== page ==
Population Focused Nursing Practice is taught in the senior fall semester for the students in the Undergraduate Nursing Program, and in the spring semester for the RN Completion students. All students in the course are assigned to a service learning project as part of the course requirements.
Projects are selected by faculty and arise out of needs identified in the community. Community partners may seek the assistance of nursing students to help meet identified community health needs. Other projects are developed based upon faculty knowledge regarding evidence-based, population level health interventions. Faculty involvement in numerous community committees and activities leads to opportunities to collaborate with community partners so that initiatives may target the appropriate populations.
Students meet with the community partner for orientation to the agency and initial project planning. A timeline and objectives are developed jointly with the community partner. The students must complete an assessment of the overall community, and of the target population that will be served with the service learning project.
Students work with the clinical faculty and community partner to identify appropriate evidence-based health interventions for their service learning project. Reflection is an integral part of service learning, and the students write three “reflection journals” with responses to specific statements and questions that are submitted at the end of the project. The students also write a formal paper, give a presentation of the project to classmates (and community partners are invited), and do a peer evaluation on group members.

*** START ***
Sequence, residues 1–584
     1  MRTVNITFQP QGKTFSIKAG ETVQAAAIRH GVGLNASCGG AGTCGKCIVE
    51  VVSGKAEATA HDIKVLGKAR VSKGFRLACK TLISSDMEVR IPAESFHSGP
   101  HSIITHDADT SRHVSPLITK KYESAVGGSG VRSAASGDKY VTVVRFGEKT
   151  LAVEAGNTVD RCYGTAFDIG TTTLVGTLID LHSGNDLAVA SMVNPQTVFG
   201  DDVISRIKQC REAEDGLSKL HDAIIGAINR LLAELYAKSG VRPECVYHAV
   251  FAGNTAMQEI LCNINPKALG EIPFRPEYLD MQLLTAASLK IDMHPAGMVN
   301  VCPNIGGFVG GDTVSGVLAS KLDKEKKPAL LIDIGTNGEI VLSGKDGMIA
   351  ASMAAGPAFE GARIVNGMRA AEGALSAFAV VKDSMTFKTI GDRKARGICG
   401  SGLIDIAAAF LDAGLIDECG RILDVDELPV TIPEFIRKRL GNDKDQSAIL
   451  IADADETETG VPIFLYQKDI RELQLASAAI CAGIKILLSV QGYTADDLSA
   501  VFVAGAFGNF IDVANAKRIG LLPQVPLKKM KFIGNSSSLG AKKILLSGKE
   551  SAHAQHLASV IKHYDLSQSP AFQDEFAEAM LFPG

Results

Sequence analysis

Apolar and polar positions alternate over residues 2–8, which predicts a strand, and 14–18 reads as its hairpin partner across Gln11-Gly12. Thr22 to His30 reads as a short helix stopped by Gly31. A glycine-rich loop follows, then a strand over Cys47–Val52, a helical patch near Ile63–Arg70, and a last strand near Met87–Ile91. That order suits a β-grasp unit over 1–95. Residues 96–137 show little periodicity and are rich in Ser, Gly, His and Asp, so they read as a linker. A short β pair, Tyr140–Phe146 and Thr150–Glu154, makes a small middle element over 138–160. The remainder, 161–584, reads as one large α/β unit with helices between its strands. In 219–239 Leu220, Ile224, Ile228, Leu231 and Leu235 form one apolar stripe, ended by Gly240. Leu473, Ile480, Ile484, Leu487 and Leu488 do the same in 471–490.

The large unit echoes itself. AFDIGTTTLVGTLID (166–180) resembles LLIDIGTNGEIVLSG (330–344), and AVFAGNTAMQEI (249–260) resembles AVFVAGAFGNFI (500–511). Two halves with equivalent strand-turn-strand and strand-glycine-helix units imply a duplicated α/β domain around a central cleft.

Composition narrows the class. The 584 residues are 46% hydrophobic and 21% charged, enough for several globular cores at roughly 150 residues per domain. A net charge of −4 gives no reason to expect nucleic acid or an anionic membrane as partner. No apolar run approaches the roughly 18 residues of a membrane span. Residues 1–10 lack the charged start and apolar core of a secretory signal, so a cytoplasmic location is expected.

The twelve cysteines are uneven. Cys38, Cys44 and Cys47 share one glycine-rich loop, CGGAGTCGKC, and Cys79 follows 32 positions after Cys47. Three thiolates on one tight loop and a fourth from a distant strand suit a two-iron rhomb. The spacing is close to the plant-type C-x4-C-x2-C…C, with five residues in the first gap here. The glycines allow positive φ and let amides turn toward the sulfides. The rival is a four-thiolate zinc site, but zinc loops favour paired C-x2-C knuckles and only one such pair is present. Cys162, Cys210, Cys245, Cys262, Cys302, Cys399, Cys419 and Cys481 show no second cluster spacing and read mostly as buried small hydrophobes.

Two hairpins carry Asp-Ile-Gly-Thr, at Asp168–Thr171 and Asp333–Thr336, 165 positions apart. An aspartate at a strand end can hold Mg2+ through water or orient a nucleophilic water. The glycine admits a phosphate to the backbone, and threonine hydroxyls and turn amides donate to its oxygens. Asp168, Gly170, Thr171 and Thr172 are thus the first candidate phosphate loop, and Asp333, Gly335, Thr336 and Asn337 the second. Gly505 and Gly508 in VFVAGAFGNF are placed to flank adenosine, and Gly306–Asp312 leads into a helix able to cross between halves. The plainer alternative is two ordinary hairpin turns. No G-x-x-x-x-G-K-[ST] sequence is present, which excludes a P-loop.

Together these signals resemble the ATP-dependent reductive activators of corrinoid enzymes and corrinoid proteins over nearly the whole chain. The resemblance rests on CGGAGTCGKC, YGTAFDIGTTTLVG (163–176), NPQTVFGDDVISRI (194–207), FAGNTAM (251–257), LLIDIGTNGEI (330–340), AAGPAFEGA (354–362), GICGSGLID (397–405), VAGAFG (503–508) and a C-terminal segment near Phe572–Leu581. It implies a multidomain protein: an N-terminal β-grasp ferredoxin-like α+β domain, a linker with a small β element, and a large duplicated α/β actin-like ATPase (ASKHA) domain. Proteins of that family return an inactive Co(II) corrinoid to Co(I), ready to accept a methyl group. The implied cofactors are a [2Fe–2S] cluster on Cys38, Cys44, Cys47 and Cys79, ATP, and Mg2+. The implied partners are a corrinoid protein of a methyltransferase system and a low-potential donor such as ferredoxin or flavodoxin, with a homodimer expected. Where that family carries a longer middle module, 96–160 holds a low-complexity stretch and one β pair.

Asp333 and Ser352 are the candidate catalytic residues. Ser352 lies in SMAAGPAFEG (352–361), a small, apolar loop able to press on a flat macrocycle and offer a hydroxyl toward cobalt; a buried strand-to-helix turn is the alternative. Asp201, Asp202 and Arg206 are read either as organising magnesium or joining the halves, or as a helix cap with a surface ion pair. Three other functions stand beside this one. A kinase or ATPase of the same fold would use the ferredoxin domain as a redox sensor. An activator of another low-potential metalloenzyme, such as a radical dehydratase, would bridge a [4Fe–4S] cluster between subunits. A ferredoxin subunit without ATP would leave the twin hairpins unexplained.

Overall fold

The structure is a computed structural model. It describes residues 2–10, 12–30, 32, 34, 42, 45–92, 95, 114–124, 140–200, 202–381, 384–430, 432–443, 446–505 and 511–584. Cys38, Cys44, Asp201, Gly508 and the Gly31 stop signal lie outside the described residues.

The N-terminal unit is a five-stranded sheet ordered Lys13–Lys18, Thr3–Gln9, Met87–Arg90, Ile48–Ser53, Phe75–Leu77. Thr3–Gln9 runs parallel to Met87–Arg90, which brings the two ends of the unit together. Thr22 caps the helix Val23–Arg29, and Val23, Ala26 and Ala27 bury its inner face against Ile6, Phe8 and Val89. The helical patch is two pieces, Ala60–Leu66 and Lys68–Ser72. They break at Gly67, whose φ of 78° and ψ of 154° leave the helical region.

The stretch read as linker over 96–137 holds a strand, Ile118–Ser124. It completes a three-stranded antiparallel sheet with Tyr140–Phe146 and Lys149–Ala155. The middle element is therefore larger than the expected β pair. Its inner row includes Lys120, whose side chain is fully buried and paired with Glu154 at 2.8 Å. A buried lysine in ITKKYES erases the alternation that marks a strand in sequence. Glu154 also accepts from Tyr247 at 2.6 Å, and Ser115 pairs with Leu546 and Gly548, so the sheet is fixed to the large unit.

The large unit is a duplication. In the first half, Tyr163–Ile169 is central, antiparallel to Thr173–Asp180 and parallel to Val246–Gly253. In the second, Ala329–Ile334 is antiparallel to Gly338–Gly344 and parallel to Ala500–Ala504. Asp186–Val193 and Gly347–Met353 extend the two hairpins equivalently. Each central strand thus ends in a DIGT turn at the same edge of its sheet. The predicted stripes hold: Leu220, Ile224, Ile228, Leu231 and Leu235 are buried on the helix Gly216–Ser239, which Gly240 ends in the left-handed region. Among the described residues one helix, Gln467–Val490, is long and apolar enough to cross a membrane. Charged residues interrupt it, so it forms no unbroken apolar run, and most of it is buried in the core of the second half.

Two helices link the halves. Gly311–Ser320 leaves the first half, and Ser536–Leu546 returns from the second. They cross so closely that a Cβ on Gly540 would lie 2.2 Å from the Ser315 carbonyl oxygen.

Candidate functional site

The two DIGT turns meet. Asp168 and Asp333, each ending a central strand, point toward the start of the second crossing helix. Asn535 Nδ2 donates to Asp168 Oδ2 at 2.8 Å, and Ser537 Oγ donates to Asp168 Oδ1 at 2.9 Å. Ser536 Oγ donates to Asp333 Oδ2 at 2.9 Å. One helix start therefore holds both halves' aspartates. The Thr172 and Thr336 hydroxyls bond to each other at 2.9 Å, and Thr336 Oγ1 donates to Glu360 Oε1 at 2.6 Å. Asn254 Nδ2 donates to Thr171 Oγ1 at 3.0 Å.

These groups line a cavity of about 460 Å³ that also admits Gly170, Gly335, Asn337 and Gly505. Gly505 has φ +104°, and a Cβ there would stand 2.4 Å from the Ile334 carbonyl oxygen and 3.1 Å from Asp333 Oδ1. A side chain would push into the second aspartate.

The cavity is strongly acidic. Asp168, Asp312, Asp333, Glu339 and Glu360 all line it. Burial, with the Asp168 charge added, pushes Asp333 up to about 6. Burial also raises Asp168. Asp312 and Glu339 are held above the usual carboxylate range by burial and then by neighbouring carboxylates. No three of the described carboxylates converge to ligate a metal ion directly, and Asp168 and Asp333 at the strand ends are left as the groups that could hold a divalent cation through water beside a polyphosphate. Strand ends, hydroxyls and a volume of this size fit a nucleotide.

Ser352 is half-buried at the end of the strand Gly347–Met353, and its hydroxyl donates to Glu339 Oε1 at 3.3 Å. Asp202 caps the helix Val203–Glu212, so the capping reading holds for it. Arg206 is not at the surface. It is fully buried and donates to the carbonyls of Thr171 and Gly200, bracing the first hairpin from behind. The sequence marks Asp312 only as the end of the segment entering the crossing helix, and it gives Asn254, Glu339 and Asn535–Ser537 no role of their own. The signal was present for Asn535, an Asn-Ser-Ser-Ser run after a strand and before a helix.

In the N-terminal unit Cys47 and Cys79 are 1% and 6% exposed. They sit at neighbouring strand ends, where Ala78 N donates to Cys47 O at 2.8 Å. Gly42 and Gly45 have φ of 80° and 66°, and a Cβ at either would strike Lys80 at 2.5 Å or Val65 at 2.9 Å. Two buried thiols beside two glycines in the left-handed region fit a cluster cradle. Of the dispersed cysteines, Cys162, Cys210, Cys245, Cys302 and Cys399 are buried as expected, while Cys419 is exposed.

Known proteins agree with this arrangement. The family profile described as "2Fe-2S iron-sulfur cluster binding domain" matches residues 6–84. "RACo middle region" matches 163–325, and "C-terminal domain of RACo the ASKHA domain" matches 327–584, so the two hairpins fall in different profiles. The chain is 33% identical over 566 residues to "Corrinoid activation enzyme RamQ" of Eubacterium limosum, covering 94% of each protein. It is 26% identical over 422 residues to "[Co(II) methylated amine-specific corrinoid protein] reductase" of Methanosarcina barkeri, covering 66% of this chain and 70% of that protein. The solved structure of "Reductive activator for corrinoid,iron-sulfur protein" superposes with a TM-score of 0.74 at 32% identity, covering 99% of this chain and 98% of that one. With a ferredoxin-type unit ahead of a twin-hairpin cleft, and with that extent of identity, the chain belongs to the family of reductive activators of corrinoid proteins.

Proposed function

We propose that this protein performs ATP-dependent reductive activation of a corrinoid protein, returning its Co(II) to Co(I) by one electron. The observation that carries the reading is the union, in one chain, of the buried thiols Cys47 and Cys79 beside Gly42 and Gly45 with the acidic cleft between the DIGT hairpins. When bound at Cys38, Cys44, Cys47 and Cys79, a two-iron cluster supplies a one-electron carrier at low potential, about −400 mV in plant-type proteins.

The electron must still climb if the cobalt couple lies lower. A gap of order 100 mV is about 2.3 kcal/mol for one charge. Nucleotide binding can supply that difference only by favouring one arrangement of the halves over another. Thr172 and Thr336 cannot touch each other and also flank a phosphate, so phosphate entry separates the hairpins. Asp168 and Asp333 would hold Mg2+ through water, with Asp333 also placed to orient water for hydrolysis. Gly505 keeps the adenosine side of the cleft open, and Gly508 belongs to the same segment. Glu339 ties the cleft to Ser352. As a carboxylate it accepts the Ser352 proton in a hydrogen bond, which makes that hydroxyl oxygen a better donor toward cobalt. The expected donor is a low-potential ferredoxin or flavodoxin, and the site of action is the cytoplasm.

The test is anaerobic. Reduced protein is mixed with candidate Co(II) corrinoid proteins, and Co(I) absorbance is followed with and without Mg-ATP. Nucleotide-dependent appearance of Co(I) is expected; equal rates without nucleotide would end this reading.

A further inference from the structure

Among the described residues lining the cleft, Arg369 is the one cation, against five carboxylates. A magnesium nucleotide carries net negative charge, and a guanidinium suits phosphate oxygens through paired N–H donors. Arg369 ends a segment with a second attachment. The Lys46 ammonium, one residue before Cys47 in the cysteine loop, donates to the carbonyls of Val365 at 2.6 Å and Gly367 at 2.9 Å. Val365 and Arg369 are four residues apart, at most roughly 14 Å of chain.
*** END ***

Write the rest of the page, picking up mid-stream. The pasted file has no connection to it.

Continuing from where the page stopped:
An example of a recent service learning project is the Million Hearts initiative. Million Hearts is a national initiative to empower Americans to make healthy lifestyle choices to prevent heart attacks and strokes, and to improve clinical care for persons who need treatment. The initiative focuses on the “ABCS”: aspirin for persons at risk; blood pressure control; cholesterol management; and smoking cessation. Million Hearts emphasizes evidence-based practice and aims to reach its goals through education and increased awareness about preventing heart disease and stroke, improving care for hypertension and high cholesterol, and community efforts around smoke-free air policies and sodium reduction.
Senior level nursing students worked with community partners to provide cholesterol and blood pressure screenings and education, utilizing tools and materials available through the Million Hearts website. The service learning project focused on reaching at-risk, underserved populations who may not have access to screening and education. Community partners in this endeavor included an inner-city faith based ministry where screenings and education were offered during a “soup kitchen” meal; a “halfway house” for State and Federal inmates; an early childhood learning center in an impoverished neighborhood; and Homeless Connect, a “one-stop” community event for homeless and near homeless persons to access needed resources.
Students involved in the Million Hearts project developed an increased awareness of this national, population-focused health initiative, implemented evidence-based approaches to prevention, addressed health disparities, and provided health services to vulnerable, underserved populations.
Million Hearts http://millionhearts.hhs.gov/be_one_mh.html